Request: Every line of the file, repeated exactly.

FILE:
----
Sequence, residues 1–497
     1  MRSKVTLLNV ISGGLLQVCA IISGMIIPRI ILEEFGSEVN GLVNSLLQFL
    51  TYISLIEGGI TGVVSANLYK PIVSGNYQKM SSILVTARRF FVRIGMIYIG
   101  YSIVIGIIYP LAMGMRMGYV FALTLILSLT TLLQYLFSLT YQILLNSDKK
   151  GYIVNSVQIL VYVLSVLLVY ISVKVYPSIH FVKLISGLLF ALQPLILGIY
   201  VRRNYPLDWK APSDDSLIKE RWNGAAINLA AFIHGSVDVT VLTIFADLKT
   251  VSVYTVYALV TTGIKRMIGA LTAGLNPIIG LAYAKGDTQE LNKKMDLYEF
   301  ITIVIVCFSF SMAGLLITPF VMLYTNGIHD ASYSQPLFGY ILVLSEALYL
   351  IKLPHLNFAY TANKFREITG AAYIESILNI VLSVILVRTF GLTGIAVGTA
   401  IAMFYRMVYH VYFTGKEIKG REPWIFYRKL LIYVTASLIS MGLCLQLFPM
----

Sequence, residues 1–497
     1  MRSKVTLLNV ISGGLLQVCA IISGMIIPRI ILEEFGSEVN GLVNSLLQFL
    51  TYISLIEGGI TGVVSANLYK PIVSGNYQKM SSILVTARRF FVRIGMIYIG
   101  YSIVIGIIYP LAMGMRMGYV FALTLILSLT TLLQYLFSLT YQILLNSDKK
   151  GYIVNSVQIL VYVLSVLLVY ISVKVYPSIH FVKLISGLLF ALQPLILGIY
   201  VRRNYPLDWK APSDDSLIKE RWNGAAINLA AFIHGSVDVT VLTIFADLKT
   251  VSVYTVYALV TTGIKRMIGA LTAGLNPIIG LAYAKGDTQE LNKKMDLYEF
   301  ITIVIVCFSF SMAGLLITPF VMLYTNGIHD ASYSQPLFGY ILVLSEALYL
   351  IKLPHLNFAY TANKFREITG AAYIESILNI VLSVILVRTF GLTGIAVGTA
   401  IAMFYRMVYH VYFTGKEIKG REPWIFYRKL LIYVTASLIS MGLCLQLFPM